Garnish with a swirl of olive oil and some baby basil leaves.

Other good topping ideas: feta, creme fraiche, scallions.

Or, to make it kid-friendly: Goldfish or soup crackers!

And since it is tomato soup, you have to serve it with a hot ham and cheese on the side.

Or, a more adult version—extra sharp cheddar, prosciutto, on Mediterranean olive bread.

Perfect for dipping!

And lets take a second to swoon over my brand new lemongrass Fiestaware serving dish. Thanks Dad and Mama!

Happy belly.

20 Comments

  1. *Droooooooooooooooooooooooooooooooooooooool* :D
    I love your tomato soup blender! Mine’s just boring ol’ black. But it works well! :)
    Can I ask why you remove the vent-y thing in the blender cover and use a towel instead?
    Also, I happen to be vegan, so would soymilk work or would the chemistry makeup of it not “scald” right? I’m a real dummy when it comes to cooking chemistry!
    Thanks for the fabulous recipes! :)

    • I remove the vent so steam can escape. Since you are adding so many hot ingredients, if you sealed it all up, you run the risk of the top popping off and splattering soup everywhere. Which would be un-fun. The kitchen towel lets steam escape, without letting soup escape.

      I’m not sure how soy milk would work. I’ve had problems with soy and almond milks curdling in hot liquids before. But you could try it. Just make sure you bring up the soy milk to an almost boil so it is the same temp as the tomato puree.

  2. This looks SO good! I’m going to print out the recipe and try it out.

    • YAY! And don’t forget you can easily add it to your SP tracker through the “View Recipe” link. I love using the recipe calculator on my recipes. :)

  3. 1. All of the pictures are incredible!!! They look so beautiful!

    2. Love simple/delicious recipes, can’t wait to try this one out!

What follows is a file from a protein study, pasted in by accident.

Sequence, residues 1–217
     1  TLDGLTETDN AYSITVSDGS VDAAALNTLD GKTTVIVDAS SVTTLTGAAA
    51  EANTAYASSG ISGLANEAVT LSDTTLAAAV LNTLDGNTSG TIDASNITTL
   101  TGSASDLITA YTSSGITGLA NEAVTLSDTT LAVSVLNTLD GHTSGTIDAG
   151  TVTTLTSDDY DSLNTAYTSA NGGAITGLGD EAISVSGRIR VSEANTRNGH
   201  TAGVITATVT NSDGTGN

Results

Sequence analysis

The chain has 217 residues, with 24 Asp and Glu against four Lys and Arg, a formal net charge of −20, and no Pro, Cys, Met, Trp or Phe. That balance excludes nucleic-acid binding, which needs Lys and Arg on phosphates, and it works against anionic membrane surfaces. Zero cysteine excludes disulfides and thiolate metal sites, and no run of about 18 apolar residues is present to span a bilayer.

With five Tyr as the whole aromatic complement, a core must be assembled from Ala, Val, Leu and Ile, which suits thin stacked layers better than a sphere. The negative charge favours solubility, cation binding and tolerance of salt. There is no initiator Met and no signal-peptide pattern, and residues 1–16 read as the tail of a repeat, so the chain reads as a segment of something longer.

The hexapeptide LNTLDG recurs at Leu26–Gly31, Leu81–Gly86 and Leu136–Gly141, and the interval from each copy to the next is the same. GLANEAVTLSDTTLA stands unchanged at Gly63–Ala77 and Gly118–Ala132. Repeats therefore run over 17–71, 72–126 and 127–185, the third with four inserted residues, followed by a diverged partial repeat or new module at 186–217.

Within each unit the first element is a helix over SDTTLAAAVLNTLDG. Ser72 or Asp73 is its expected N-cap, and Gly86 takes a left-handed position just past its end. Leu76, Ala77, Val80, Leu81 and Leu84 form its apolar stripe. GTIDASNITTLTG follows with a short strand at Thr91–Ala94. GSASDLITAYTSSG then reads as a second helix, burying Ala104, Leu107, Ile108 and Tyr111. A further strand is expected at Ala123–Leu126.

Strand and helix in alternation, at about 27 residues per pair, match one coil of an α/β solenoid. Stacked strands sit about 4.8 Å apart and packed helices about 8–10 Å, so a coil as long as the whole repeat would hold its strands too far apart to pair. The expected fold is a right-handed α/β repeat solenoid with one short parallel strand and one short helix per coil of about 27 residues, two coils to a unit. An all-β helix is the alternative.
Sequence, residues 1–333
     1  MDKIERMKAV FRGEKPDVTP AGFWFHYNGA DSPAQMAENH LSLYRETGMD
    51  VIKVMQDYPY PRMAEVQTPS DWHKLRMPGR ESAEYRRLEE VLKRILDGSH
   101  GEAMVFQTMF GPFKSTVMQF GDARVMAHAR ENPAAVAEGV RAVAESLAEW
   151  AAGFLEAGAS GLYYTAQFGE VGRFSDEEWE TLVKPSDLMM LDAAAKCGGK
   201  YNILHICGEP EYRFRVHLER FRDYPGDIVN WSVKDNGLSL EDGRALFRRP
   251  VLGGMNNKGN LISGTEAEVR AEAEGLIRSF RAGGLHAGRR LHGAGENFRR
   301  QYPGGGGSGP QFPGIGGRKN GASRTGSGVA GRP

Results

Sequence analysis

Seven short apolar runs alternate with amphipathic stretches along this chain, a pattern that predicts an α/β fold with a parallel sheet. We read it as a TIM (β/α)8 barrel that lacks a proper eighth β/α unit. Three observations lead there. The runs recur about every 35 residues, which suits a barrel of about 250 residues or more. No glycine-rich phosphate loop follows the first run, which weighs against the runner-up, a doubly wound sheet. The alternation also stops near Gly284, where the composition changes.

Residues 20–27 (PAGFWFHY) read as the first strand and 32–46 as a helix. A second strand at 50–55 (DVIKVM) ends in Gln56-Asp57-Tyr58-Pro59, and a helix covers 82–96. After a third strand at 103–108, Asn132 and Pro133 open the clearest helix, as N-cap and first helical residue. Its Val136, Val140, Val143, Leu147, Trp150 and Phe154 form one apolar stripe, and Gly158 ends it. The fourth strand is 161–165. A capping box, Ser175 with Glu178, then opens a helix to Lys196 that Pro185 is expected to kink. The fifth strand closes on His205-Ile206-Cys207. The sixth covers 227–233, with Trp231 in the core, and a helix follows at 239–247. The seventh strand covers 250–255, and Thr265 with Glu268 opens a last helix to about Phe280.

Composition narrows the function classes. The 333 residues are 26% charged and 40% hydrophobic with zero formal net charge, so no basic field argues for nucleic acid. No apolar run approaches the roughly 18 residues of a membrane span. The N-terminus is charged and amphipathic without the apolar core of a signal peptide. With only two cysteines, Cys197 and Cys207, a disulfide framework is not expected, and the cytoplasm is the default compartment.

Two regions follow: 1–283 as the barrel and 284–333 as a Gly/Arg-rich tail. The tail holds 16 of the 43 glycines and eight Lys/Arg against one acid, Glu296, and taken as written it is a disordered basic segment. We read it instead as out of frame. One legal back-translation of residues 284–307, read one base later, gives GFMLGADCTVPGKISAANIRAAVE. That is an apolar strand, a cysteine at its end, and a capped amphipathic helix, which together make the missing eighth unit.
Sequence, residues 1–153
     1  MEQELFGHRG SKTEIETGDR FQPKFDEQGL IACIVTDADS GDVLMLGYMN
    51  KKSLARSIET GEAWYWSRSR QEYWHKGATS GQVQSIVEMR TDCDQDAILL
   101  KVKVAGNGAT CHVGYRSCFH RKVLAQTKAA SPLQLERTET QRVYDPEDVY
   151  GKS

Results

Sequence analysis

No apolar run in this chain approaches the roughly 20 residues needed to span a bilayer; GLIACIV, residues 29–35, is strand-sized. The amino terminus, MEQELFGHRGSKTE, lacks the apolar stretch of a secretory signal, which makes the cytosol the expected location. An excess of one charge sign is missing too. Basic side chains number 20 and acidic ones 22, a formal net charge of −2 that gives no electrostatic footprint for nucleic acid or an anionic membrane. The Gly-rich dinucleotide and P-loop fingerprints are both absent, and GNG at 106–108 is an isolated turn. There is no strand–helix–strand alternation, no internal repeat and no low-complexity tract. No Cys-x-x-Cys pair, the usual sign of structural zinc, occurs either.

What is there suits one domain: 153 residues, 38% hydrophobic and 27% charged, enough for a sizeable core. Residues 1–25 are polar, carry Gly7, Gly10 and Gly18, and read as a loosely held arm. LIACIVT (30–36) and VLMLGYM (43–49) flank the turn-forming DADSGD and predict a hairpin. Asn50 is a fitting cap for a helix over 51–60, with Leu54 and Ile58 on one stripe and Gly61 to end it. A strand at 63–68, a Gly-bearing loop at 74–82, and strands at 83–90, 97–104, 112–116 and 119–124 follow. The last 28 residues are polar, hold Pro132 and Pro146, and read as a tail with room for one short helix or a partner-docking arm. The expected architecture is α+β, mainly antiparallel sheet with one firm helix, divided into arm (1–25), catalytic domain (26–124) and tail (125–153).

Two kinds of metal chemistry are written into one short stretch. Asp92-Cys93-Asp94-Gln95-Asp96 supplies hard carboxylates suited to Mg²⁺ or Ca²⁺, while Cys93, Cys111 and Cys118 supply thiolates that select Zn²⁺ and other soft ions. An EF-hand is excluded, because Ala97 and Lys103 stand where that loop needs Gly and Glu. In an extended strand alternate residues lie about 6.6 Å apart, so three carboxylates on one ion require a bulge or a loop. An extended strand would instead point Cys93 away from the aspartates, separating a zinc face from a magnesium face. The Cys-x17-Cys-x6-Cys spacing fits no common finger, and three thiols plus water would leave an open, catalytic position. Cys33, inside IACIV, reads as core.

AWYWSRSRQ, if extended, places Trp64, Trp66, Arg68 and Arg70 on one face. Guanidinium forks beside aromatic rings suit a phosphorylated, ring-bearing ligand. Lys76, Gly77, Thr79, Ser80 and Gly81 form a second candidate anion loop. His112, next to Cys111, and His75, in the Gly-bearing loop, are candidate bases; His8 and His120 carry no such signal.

Jen

    • I love, love, LOVE these photos. The soup is such an amazing color that it was impossible to take a bad photo.
      And yes, try this! Simple and incredible!

  4. What a perfect meal! And love that it is healthy.

    • There are few meals more perfect than soup and grilled cheese. I could eat it daily!

  5. *drool* That look SO good! I wonder how it would taste if I substituted the dairy milk for a non-dairy one. I’m going without meat and dairy for 21 days. (PCRM’s 21 day Vegan KickStart). Beautiful Cassie!

    • I don’t see why not. Just make sure you bring the non-dairy milk up to temperature before mixing it in. I’ve had issues with soy and almond milk curdling if I put it into something hot when it is cold. Let me know how it turns out!

  6. Speechless. These pictures leave a stomach growling. The best quote thus far, “simple foods require high-quality ingredients.” This is such a correct statement for cooking. Fantastic pictures.

  7. Hey Cassie!

    I am defenitly going to add this to my recipe book!!! I wanted to ask you where you found your colorful spoons at? I love that there colorful and smaller so you take smaller bites…Trying all kinds of ways to eat slower!

  8. Thanks for the info! I’m defenitly going to get some, I LOVE COLOR! I also send you a message on Spark so you can just ignore it. :)

  9. Hi! I am in the process of making the soup and I wanted to ask about the milk. Is it important to scold it? Why do we scold the milk? How do you scald milk? Lol I’m kinda new to this.

    • There are lots of reasons to scald milk for different recipes, but for this one, you just need to bring the milk up to temperature. You don’t want to mix the cold milk with the warm tomatoes or you’ll have to reheat all the soup again. Scalding milk just means to bring it up to just before boiling (you’ll see little bubbles appear). Good luck!

  10. I love, love, love this recipe! It is so good! But I’m wondering two things… I have tons of fresh tomatoes, could I use those instead of the can? And do you think this soup would freeze well? I’m thinking quick lunches and small dinners.

    • Absolutely! Yes you can use fresh tomatoes. :)

      And I think it would freeze great.

  11. This looks fabulous!! I’m looking to can some tomato soup but I’m new to the process of canning; would it be possible to can this soup, or no? I’m wondering about canning the roasted tomatoes/basil, then adding the milk later. Any suggestions?

    • Hmm, tomatoes are really tricky because they just hover on the line that between acidic enough to waterbath can and not. It would definitely work if you did them in a pressure canner. :)